Holidays with elderly relatives and friends

Holidays with elderly relatives and friends

When ageing and health issues combine with reduced mobility many elderly people lose their confidence outside of the home. Arranging the holiday itself can be stressful and often the subsequent journey can be doubly so.

Many of us accompany our elderly relatives and friends on holiday to provide them with the opportunity to see new places which they may not have the confidence or ability to do alone.

Practical considerations such as disabled facilities and location of the venue are usually foremost in our thoughts when deciding where to go, but how many times do we give consideration to other aspects that will make the holiday enjoyable for all?

Most of us are familiar with making sure there are the facilities to cater for mobility, dietary and health issues, but the planning needs to start before the hotel is booked. The journey can so often set the tone for the rest of the holiday. Arriving stressed, tired and weary is not the best start to a relaxing break.

Understanding the issues

Travelling can be demanding and uncomfortable for many elderly people and so understanding the best way to arrive at your chosen destination is vital. There are benefits and downsides to all methods and so it’s important to understand the issues you are trying to alleviate. Journeying by car or coach gives a deal of flexibility, providing the opportunity for frequent stops to be made, allowing legs to be stretched, meals to be eaten and comfort breaks taken.

Coach travel takes away the concern of deciding the route, but passengers have to fit in with a schedule and negotiating additional stops can be stressful. During peak holiday time roads all too frequently become congested and being stuck in a motorway traffic jam is no fun for anyone.

Heat and discomfort can be very distressing for the elderly especially when coupled with having nothing to drink and no toilet facilities. With this in mind, planning a route away from the motorway network can often be less problematic.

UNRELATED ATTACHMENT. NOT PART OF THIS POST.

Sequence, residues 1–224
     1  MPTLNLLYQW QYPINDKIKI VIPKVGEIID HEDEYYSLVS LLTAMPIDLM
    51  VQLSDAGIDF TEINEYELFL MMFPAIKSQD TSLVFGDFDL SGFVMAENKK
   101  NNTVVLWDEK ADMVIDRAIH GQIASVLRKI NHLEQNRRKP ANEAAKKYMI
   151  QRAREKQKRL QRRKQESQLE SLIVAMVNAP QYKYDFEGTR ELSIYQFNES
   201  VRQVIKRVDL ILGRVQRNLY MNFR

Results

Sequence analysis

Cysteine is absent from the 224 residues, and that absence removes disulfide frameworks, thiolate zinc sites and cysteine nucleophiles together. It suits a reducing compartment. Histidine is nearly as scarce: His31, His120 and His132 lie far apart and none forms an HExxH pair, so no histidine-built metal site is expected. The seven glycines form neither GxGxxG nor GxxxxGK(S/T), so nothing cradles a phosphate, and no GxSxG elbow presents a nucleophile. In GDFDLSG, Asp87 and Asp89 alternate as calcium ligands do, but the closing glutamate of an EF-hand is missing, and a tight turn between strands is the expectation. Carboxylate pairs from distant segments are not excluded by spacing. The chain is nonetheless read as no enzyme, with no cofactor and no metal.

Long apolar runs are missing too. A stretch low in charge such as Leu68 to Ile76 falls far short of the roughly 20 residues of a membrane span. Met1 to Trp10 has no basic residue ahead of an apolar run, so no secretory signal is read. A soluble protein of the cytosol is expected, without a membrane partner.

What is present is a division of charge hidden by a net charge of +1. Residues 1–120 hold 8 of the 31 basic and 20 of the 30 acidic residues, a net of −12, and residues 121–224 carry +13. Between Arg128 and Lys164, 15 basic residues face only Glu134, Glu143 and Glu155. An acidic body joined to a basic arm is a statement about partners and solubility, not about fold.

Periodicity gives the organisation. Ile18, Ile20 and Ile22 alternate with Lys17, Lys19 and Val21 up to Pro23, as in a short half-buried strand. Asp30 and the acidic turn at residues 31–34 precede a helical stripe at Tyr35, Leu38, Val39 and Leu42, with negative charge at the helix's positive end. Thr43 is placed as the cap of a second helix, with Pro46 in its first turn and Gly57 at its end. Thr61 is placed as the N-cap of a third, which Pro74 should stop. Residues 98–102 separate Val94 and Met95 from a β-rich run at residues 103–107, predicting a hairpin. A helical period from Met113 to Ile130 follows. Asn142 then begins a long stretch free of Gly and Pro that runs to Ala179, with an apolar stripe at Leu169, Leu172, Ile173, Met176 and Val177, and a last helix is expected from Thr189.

Plan ahead

Allowing sufficient time for the journey is key to stress-free travel – especially if you need to catch a ferry, or be at your destination at a specific time. The benefit of planning ahead cannot be overstated and if your map reading skills are not as accurate as you’d like, then obtaining a route from motoring organisations is an option.

Rail travel can often be quicker and may be worth considering if you want to make a long journey. Moving about on a train can be an issue for those with mobility issues, so do bear that in mind. Check out discount train fares and be mindful that the time of day that travel is taken often dictates the price. Travelling 1st class at the right time of day may be an option and does give the passenger more space whilst regular refreshments are brought to your seat; minimising the need to get up and walk about.

The practical assistance needed at your chosen location are the things that are usually foremost in our minds – for instance the availability of lifts and doors wide enough for wheelchairs. It is also essential to consider where the accommodation is, as well as what it offers.

If it’s very well equipped and ideal for your relative, but is on a steep hill with no pavements then this may not be ideal for getting out and about in the location. Making sure that you can park conveniently is also worth checking. If your elderly relatives would like some independence when you’re away and they do not drive, make sure that you find accommodation on a local bus route or near the train station. And somewhere that is not in the middle of nowhere so they have the option of taking a stroll if they wish.

Comfort and security

What we may not so readily consider are those things that can give some home comforts and a sense of security to our relative. Having a familiar setting, or familiar things around can help make them feel more comfortable. So if that’s important for them, consider taking something with you that they value. It may just be a much loved photograph or their favourite music on a CD. If you’re self-catering, maybe their own clock or cassette player – whatever it is that is important to them. This will really help them settle in to their new holiday destination.